What makes this so critical is that this is where the post 9/11 Navy Revolution began. Forward deployed, with all other carriers either in the midst of a deployment, a maintenence period or a transition period, the Navy could only find a short term replacement for the Kitty Hawk battle group (about two to three months) in the Pacific at the time. The repairs the Kitty Hawk required would take a stateside carrier a year and a few months to finish. The Kitty Hawk crew and the Japanese Ship's Repair Facility (SRF) workers worked around the clock, using innovative repair techniques, extremely long work shifts and a fair amount of radicial redesign of certain machinery spaces. They completed this massive repair bill in less than three months. The ship went back on another deployment, this time in preperation for the upcoming liberation of Iraq.

    The Navy comes to find out (after it spent nearly a billion upgrading the oldest ship (the Kitty Hawk, which was supposed to have been decommissioned in 1998) in the Navy, including a total flight deck redesign enabling it to carry the brand new Super Hornet jet) the rest of its non-nuclear carriers have the same problem. What did it do?

    The USS Constellation (CV-64), homeported in San Diego, was in as bad shape, but not nearly as bad as the Kitty Hawk. Months before Op Iraqi Freedom, the Navy took a long, hard look at the "Connie" and decided to put a massive band-aid on all of its problems and send it out for one last deployment (Iraqi Freedom). Why was the Constellation scrapped rather than the Kitty Hawk, despite the Kitty Hawk being in worse condition and being older?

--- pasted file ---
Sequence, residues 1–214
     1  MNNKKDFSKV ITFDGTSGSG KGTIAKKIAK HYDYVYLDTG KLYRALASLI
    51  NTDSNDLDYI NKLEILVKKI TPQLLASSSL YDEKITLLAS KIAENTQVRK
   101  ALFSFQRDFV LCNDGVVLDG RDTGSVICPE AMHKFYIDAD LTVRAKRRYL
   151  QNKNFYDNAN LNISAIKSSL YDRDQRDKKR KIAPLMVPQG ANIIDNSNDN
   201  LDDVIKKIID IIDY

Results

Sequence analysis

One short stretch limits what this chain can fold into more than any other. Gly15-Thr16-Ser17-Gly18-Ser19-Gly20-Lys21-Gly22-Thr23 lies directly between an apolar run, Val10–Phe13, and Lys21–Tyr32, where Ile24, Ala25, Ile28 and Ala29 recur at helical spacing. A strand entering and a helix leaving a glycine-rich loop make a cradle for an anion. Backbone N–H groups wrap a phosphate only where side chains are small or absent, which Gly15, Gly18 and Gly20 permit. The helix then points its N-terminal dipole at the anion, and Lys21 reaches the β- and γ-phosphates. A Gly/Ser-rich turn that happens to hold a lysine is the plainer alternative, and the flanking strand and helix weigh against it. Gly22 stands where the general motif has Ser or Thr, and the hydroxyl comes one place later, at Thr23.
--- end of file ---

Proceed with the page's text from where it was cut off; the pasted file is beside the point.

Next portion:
The answer concerns costs of swapping the crews out, the embarassment and admission of weakness to Chinese and North Korean observers of having to swap out an aircraft carrier that had just arrived in Japan.

    Now, the last non-nuclear carrier left in active service, the JFK (CV-67). This ship is in worse shape than the Kitty Hawk is now, though it is much younger and is not expected to be decommisioned until 2018 (remember now, the Kitty Hawk is supposed to have been decommed in 1998). What happened to the JFK and why?

    As the Navy figured out after the Kitty Hawk's Guam debacle, the other non-nuclear carriers had all endured shoddy maintenence, uneven and unfocused planning around that maintenence, terrible preventive maintenence and uneffective restoration and renovation techniques. Basically, all of them were in various stages of falling apart. The Navy decided to let the Constellation go, and now was left with the Kitty Hawk and the JFK. The Kitty Hawk is in its best shape yet, while the JFK is much worse for wear. In the past five years, JFK has endured several spectacular failures in the yards (this is where the carriers go for their repairs, maintenence and renovation), wasting more than a billion dollars (if not more) of the Navy's money. Only recently has the JFK been able to recover from these debacles and become ship-shape again, performing well in the Gulf last year.